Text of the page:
2. Make a plan

After you’ve asked for help, think about everything you have to do once you leave. This will not only help you be prepared, but it will also make it real in your head, leaving little room for possible excuses. Do you need to pack your things? Do you need to stay at someone’s place? Do you need someone to stay with you instead? Is there anything that could make them need to talk to you again – such as shared bills, Netflix password etc? Make sure you don’t leave out any detail.

3. Cut off contact

Unless it is absolutely necessary that you stay in contact (for example if you have kids together), the best thing to do would be to completely cut off any ways for them to contact you. This might seem petty or childish at first, but toxic people often master manipulation and gaslighting. If you leave them the opportunity to contact you, they might play their manipulation card and pull you into their toxic circle once again. It is very important to take control and not let them get close again.

4. Write it all down

When you make a decision to leave, you will probably have second thoughts. That’s completely normal and expected. But it is also a bit dangerous, as it could make you change your mind or be unable to follow through with your plans. When that happens, it could be useful to write down your feelings or journal about your experience. Draw a table with a “plus” and a “minus” column, writing down everything good and everything bad about the relationship. The “minus” column will probably be much longer than the “plus”, and it is also likely you will have trouble recalling positive things about your toxic partner. This could help you get a visual representation of why you made the decision to leave in the first place, and help you stick to it when times get hard!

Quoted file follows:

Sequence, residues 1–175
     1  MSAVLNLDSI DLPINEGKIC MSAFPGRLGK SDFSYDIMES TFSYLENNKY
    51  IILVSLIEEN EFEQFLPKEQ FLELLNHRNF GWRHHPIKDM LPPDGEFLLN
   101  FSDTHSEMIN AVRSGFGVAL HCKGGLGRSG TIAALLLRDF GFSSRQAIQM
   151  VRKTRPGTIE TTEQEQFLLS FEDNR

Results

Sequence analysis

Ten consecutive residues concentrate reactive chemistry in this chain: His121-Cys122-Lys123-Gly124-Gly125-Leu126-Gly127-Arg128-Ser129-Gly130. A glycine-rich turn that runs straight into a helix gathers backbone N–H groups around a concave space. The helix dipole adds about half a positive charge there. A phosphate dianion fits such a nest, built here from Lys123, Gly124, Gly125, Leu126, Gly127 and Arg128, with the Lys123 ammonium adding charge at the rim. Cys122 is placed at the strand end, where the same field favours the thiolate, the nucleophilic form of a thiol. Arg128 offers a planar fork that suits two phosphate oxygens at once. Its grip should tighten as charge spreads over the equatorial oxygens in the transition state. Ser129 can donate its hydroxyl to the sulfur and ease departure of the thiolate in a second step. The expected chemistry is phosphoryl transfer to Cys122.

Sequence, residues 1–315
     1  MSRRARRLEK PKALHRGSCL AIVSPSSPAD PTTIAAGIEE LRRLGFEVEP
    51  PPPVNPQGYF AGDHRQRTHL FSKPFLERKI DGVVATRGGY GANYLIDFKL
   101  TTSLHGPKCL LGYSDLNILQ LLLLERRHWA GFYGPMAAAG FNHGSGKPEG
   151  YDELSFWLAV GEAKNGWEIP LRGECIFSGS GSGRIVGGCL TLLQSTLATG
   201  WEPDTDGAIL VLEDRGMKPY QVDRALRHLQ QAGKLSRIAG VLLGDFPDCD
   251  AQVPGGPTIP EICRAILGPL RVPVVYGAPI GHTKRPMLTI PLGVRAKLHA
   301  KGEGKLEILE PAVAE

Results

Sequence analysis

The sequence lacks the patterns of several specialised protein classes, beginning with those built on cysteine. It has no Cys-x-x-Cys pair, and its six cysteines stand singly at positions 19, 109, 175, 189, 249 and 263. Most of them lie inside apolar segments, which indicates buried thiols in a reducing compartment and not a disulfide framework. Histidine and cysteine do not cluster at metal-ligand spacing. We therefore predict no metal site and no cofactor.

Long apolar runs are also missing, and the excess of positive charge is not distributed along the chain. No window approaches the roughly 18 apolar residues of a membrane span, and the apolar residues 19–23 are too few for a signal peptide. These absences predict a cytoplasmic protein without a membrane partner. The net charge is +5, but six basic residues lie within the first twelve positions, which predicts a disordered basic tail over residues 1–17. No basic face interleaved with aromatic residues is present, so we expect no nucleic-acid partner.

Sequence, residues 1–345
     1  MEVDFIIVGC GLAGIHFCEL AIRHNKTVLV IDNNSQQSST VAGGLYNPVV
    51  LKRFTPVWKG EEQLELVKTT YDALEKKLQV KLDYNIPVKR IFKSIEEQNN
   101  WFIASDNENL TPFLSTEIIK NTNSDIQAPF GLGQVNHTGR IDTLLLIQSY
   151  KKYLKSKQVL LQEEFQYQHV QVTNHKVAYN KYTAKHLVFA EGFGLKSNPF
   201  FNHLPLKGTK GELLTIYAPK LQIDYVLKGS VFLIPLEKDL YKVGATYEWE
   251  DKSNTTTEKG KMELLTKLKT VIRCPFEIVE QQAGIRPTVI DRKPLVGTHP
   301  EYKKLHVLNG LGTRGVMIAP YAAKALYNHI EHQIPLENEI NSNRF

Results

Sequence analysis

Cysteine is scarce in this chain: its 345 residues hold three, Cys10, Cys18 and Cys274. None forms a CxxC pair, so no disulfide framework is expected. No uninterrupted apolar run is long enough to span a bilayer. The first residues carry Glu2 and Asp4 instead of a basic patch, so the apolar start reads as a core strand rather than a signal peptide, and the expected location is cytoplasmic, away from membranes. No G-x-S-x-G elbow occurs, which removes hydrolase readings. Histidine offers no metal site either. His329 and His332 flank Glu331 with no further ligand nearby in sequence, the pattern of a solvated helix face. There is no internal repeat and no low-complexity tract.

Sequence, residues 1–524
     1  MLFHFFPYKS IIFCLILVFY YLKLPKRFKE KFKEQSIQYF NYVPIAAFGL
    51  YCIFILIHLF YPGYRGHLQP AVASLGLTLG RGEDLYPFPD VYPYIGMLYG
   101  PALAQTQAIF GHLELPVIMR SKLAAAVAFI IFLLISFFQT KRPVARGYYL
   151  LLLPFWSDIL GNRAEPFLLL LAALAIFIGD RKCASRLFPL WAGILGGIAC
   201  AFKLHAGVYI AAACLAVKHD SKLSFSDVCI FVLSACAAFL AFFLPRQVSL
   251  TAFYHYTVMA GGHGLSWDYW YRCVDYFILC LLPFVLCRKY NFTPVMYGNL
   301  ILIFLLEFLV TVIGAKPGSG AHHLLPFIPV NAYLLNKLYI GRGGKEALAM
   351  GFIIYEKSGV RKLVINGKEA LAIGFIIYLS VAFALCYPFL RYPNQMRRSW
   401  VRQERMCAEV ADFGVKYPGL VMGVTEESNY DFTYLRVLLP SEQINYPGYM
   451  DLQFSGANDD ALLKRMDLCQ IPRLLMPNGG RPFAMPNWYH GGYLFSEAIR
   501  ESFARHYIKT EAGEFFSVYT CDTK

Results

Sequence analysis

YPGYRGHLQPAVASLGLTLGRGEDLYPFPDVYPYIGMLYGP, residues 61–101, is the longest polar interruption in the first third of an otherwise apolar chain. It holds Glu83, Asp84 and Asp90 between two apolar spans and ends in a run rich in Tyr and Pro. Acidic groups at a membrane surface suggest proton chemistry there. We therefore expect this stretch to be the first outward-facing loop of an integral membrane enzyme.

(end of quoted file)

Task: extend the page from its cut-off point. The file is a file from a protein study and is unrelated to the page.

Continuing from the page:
5. Actively seek positivity

Escaping a toxic relationship means to escape all the negativity that comes with it. Cutting off that toxic person is one way to free yourself, but you also need to build your new life from the ground up. Was there anything you had to neglect while you were in that relationship? Hobbies, hanging out with friends, alone time for self care…? Now is the time to completely dive into those things. This step is hard because you might feel like you’re not in the mood for anything. It is actually most likely you won’t feel like doing anything. But it’s very important that you put all the bad moments behind you and actively work on replacing the negativity with positivity.

6. Be proud of yourself

Just making this huge decision is hard enough. Many people procrastinate even thinking about it. If you made the decision to leave and are researching resources, be proud of yourself! You really decided to take care of yourself and get yourself out of the toxic situation! There’s nothing like being your own superhero. So whenever it gets hard and you feel like you won’t make it without them – just remember you were the one who saved yourself from them.

Closing thoughts

Of course, there is much more to leaving a toxic relationship. You will face many difficulties and challenges. Steps that were mentioned can serve you as a general guideline. As always, you are strongly encouraged to seek professional help with dealing with a situation like this. With proper support you can take life into your own hands and achieve the love and happiness you deserve!

Thank you for reading!
Written by:
Stela Košić


  • Berry, J. (2017, October 31). What’s to know about codependent relationships? MedicalNewsToday.
  • (2022, January 30). How to Leave a Toxic Relationship. Choosing Therapy.
  • The Fantasy Bond. (2021, February 25). PsychAlive.
  • Feuerman, M. (2021, April 5). 6 Steps to Leave a Toxic Relationship. Verywell Mind.
  • Firestone, L. (2017, July 20). A Guide to the Fantasy Bond. Psychology Today.
  • Fuller, K. (2017, September 20). How to Leave a Toxic Relationship and Still Love Yourself. Psychology Today.
  • M1 Psychology. (2021, July 13). How to Leave a Toxic Relationship | M1 Psychology. M1 Psychology Loganholme.
  • Sun, F. (2011, April 29). Are You in a Codependent Relationship? WebMD.